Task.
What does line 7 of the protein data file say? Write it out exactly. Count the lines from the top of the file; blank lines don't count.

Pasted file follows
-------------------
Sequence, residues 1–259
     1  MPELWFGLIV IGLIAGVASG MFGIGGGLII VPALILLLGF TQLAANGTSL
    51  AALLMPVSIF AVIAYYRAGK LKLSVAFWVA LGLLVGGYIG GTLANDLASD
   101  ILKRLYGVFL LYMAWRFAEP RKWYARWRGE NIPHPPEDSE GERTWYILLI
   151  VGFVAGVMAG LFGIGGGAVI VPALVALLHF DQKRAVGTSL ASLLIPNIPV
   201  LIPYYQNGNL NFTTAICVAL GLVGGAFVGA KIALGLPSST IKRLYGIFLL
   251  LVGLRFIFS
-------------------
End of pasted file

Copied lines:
   251  LVGLRFIFS